|What is the Book of Mormon About?
Joseph Smith, the purported translator of the Book of Mormon, declared that it was "the most correct of any book on earth, and the keystone of our religion."
The Book of Mormon presents itself as God-inspired scripture. It is comprised of a number of sub-books (imitating the organizational style of the Bible), which are said to be written by different prophets throughout the history contained in the book, which spans from approximately 600 BC to 400 AD. An exception to this is the Book of Ether, which is said to date back to the time of the Tower of Babel, and recounts an early migration to the New World by a group known as the Jaredites, who became a vast civilization in the Americas, but were all but decimated by the time the principal narrative of the Book of Mormon begins, in approximately 600 BC.
This narrative is the account of an Israelite migration to the American continent approximately 2600 years ago, and its subsequent development into vast civilizations.
According to the principal story, a godly Israelite prophet named Lehi (a contemporary of the prophet Jeremiah), was told by the Lord to flee Jerusalem prior to the Babylonian captivity in approximately 600 BC. Lehi, together with his family and a few others, left Jerusalem, traveled through the wilderness to the Red Sea, where they constructed a boat and sailed to the Americas, presumably by way of the Indian Ocean and the Pacific. (Although there is some disagreement, most LDS scholars place Central America as the arrival point and the setting of a large part of the Book of Mormon story.)
Lehi had several sons, among them Nephi and Laman. Nephi was righteous and obedient to the Lord. His older brother Laman, on the other hand, was rebellious and contentious. The two were frequently at odds from the time they fled Jerusalem, and following their arrival in the Americas, the two brothers eventually parted ways, and over the centuries developed into two separate nations, the Nephites and the Lamanites, who were in nearly constant conflict.
The Book of Mormon describes how these two nations grew and filled the land, building great cities and civilizations (particularly the Nephites). The Nephites, it is written, were civilized and generally righteous and godly, and fair-skinned. In contrast, the Lamanites, while more numerous, were primitive, barbaric, and ungodly, and as as a result were cursed by God with dark skin. Throughout the history, the two nations frequently battled and fought with one another.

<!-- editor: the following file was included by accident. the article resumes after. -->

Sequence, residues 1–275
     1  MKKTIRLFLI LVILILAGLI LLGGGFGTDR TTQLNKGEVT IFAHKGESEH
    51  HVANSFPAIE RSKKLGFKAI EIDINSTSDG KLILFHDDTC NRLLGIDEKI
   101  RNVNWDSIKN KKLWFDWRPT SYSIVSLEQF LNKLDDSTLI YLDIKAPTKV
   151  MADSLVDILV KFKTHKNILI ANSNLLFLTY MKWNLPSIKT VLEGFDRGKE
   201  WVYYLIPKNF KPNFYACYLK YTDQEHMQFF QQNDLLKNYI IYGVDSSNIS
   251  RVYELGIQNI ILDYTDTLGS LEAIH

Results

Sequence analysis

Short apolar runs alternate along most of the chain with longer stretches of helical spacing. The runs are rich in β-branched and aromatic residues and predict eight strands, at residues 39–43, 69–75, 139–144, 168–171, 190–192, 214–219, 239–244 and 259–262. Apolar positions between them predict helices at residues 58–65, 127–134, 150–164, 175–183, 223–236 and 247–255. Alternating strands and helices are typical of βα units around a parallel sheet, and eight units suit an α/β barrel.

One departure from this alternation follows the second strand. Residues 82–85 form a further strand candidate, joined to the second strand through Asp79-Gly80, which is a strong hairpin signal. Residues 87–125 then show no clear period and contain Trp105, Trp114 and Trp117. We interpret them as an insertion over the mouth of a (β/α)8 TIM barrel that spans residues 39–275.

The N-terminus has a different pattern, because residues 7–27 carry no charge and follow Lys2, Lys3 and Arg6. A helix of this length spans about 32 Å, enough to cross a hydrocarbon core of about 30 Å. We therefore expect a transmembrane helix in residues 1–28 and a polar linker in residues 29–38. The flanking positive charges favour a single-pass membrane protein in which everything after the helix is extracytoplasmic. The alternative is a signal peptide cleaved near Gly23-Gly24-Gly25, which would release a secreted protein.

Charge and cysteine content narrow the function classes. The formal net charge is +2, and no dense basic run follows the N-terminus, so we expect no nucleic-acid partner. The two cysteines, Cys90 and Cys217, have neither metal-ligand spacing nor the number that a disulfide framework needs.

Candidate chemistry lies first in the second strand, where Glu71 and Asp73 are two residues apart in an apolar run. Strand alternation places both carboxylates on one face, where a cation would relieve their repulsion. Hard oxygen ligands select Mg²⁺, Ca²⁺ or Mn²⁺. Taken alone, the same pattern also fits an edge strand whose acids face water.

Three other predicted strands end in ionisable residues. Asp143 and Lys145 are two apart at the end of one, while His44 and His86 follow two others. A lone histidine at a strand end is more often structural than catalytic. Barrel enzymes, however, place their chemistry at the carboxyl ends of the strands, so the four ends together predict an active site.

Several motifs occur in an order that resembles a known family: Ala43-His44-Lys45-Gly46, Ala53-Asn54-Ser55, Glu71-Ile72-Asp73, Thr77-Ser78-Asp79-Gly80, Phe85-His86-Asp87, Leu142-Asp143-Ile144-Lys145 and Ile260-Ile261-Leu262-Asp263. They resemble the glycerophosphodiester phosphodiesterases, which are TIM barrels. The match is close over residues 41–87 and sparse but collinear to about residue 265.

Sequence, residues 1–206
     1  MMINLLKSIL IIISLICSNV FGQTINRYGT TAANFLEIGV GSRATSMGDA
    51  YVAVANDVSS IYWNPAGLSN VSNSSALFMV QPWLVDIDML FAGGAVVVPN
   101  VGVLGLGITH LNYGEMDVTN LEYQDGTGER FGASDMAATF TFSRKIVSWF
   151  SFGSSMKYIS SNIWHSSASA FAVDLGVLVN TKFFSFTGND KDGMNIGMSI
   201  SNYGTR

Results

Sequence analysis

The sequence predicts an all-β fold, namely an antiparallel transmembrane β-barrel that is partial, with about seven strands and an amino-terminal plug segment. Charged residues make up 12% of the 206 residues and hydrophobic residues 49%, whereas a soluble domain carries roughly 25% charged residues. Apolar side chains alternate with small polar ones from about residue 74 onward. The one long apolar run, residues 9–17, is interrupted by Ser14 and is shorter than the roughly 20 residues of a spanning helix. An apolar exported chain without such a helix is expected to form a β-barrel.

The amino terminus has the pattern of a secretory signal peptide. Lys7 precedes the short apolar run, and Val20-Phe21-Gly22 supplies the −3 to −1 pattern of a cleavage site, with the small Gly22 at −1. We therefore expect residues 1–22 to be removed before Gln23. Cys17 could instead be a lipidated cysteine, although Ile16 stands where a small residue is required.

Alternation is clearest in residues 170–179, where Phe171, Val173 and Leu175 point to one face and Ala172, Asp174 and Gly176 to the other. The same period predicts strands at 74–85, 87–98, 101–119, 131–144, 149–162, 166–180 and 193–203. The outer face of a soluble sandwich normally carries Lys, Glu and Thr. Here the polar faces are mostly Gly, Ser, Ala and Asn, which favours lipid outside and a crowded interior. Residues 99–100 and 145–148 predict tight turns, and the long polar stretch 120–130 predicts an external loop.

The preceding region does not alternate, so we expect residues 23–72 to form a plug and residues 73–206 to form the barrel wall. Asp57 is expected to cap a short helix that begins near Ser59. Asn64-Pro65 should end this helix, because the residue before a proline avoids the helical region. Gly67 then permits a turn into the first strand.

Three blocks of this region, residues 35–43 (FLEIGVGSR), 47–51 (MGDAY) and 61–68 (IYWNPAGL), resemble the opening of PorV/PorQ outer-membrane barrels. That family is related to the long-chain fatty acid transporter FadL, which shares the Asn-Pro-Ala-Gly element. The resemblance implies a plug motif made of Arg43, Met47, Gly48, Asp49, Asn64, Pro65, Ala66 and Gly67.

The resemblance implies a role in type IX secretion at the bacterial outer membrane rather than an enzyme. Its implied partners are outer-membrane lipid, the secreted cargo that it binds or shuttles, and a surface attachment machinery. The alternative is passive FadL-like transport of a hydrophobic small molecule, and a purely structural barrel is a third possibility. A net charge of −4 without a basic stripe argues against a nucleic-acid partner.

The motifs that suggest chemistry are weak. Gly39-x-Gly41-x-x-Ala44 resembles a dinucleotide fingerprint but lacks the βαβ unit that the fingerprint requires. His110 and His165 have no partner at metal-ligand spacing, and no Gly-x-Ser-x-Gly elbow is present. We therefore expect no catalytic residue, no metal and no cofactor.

The Book of Mormon recounts the appearance of Jesus Christ to the inhabitants of the Americas, following his death and resurrection, in approximately 34 AD. For several centuries following Christ's appearance, the two nations enjoyed peace with one another. However, war eventually broke out again, and around 400 AD, the Lamanites annihilated the Nephites altogether in an enormous and bloody battle on the Hill Cumorah, which is traditionally ascribed to a hill near modern-day Palmyra, in upstate New York. However, according to the story, a man named Moroni, who was the son of a Nephite prophet-historian named Mormon, survived the final battle. Mormon had preserved the ancient history of the Americas, written on golden plates, and Moroni, after the battle was finished and his father had died, hid the plates under a stone on the Hill Cumorah.
In the early 19th Century, a man named Joseph Smith claimed to have been visited by this Moroni, who showed him where the plates were hidden. Smith then translated these golden plates "by the power and gift of God" into the Book of Mormon, which was first published in 1830.
The LDS Church upholds the Book of Mormon as a literal, factual account of the ancient history of the Americas. It claims that the modern-day descendants of the surviving Lamanites are the Native Americans, who are "a remnant of the house of Israel".
For More Information:
Mormonism in Brief: A bird's-eye view of the LDS Faith
An Interview with LDS President Gordon B. Hinckley
An Open Letter to Mormons: Learn about our motivation!
Quick Reference Guide: Comparing LDS & Biblical Doctrines, Scriptures & Teachings
Testing the Book of Mormon: A Biblical Mandate?